Evangelicals are set to make a final push to pass immigration reform by the end of the year. Click here for more.
The Evangelical Immigration Table’s “Pray4Reform: Gathered Together in Jesus’ Name” campaign running from Oct. 12 through Oct. 20. includes more than 300 events in 40 states where members of the faith are praying for reform. The Evangelical Immigration Table is a coalition of evangelical Christian groups including World Relief, Bread for the World, and the National Latino Evangelical Coalition. . . .
William Galston, a senior fellow at the Brookings Institution thinks Evangelical backing for support for immigration reform is important. Galston reasoned that the mainly Republican group in the House — those most resistant to changes benefiting the undocumented — might also be the most responsive to the Evangelical movement. “If Evangelical leaders walked the halls of Congress and knocked on the doors of Southern Republicans, they won’t be turned away,” Galston said.
One Reply to “A final evangelical push for immigration reform”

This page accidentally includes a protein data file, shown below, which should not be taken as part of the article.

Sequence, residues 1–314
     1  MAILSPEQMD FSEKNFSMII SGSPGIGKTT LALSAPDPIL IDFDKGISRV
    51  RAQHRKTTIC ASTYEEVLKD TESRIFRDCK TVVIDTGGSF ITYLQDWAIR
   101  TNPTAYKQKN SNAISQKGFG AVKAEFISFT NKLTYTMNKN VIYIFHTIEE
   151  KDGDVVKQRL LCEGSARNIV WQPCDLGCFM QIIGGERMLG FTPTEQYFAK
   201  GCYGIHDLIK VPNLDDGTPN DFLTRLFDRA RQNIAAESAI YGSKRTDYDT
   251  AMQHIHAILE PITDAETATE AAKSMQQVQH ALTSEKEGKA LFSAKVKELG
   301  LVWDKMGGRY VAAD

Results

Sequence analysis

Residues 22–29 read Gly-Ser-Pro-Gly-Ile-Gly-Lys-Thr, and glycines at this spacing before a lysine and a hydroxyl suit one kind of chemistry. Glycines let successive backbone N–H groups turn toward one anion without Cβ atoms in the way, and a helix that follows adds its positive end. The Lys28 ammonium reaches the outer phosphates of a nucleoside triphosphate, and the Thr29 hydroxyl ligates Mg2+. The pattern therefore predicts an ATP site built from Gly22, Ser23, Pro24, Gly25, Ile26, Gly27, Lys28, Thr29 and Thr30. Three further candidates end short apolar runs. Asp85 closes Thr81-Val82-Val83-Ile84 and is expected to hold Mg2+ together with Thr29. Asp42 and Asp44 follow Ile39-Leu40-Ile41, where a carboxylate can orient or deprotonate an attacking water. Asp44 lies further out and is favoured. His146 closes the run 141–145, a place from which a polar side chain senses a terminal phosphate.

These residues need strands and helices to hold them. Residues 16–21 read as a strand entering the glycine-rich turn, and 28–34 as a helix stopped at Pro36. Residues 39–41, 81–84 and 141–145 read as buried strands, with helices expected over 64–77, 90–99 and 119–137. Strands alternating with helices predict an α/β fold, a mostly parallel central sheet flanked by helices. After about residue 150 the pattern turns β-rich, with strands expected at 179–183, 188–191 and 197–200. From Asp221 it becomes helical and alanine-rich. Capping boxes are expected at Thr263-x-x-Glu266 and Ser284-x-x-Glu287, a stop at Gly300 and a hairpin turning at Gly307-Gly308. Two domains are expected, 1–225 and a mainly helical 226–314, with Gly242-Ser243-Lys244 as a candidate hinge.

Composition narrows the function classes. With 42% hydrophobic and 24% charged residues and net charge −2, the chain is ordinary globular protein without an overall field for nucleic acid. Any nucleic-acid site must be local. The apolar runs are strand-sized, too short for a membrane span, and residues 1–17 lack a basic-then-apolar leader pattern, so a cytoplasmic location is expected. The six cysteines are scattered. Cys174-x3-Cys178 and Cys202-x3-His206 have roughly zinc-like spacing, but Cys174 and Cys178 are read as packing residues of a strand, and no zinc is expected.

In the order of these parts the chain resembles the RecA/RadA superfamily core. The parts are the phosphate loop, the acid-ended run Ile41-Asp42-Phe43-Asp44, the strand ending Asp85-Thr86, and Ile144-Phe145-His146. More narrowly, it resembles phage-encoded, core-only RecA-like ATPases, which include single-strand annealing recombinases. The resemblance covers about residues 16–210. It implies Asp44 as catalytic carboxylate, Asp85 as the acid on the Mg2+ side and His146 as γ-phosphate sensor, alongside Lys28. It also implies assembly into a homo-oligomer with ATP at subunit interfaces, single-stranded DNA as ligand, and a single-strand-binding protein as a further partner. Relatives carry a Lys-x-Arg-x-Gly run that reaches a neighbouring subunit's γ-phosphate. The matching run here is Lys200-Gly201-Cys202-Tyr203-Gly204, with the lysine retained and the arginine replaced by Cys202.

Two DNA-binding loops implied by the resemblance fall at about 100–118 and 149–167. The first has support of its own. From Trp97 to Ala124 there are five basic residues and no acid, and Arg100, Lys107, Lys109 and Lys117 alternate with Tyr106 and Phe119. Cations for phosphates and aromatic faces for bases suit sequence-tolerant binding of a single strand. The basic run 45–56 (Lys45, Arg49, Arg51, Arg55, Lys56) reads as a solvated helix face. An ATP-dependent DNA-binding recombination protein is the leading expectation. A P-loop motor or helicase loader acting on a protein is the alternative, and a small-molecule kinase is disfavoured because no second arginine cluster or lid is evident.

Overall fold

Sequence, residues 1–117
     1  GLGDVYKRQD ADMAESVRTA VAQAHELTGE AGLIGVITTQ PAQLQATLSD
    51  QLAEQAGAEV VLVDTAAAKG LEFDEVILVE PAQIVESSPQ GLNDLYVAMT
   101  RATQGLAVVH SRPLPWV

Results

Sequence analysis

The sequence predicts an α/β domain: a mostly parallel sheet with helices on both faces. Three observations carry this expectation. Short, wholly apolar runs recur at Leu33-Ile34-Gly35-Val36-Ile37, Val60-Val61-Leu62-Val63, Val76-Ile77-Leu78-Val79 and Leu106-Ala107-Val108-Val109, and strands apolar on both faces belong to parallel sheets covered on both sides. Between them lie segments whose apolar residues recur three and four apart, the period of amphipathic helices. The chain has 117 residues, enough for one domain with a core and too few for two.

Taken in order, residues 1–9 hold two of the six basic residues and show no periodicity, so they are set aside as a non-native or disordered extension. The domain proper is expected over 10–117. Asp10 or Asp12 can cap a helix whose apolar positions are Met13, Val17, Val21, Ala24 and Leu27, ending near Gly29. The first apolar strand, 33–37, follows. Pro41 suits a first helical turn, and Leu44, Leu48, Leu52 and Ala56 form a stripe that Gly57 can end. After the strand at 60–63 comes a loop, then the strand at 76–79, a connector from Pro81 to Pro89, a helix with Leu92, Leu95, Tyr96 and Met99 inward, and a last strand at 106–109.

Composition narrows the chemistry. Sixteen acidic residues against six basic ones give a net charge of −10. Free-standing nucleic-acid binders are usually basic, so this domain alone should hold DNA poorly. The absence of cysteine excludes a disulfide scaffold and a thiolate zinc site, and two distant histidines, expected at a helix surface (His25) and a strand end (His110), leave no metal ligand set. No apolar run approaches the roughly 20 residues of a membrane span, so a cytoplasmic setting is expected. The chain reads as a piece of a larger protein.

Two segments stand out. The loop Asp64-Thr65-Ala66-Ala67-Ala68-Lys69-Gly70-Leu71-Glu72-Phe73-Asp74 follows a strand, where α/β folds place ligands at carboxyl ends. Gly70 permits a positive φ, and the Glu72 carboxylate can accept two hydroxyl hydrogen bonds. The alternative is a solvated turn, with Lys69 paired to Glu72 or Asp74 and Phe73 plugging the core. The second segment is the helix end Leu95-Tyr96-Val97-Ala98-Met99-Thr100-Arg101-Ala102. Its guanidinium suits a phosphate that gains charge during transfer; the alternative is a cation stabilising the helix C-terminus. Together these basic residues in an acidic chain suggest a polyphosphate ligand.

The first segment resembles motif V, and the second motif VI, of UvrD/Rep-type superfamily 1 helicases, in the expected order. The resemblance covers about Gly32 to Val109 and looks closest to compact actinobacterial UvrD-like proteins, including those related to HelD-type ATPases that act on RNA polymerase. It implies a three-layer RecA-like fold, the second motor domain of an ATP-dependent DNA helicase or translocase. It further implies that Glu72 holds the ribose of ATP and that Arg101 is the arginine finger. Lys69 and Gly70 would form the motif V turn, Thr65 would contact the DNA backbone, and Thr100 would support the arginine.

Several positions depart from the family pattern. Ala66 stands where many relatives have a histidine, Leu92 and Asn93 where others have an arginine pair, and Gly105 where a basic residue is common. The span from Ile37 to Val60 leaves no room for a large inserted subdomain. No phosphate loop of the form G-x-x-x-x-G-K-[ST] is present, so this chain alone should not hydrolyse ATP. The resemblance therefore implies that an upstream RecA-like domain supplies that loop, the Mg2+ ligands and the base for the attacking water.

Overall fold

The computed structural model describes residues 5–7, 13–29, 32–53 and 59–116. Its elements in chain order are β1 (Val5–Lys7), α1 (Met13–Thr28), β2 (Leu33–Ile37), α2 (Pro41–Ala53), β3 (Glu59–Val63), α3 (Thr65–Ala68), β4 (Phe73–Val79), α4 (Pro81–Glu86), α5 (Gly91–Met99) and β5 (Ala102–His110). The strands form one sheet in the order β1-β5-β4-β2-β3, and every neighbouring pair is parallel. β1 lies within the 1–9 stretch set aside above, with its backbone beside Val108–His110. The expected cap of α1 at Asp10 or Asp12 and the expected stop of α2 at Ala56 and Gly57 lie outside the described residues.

This is my take, a lot of liberal evangelicals think of Mexicans and Central Americans that they are better in the US than their own country this is true, but I found an interesting ministry of Calvary Chapel of Costa Mesa that helps the Homeless of Santa Ana. According to the website information Santa Ana has one of the highest homeless populations in the US, because lots of immigrants rent more than one family to a household rents tend to be higher than average for a poorer city and many immigrants are low skilled. True, the homeless population are not all immigrants without papers but the rent is higher there. Santa Ana is over 50 percent foreign born and about 30 percent of the population is in the US illegality. Santa Ana also has lots of places without heating since the rent is high. In fact only 10 percent of Mexicans and Central Americans and Asians are able to leave their country and come here or another country like Canada or Western Europe. Most poor people in Mexico don’t leave, its the remittances money that comes back from the 10 percent. The Mexico government likes the arrangement since they don’t need to tax their more well to do citizens like Carlos Slim to help support their people. The remittances money which is lower today than in 2006 does some of this. Its only 2 percent of the money received back to help people in Mexico or Central America or other countries.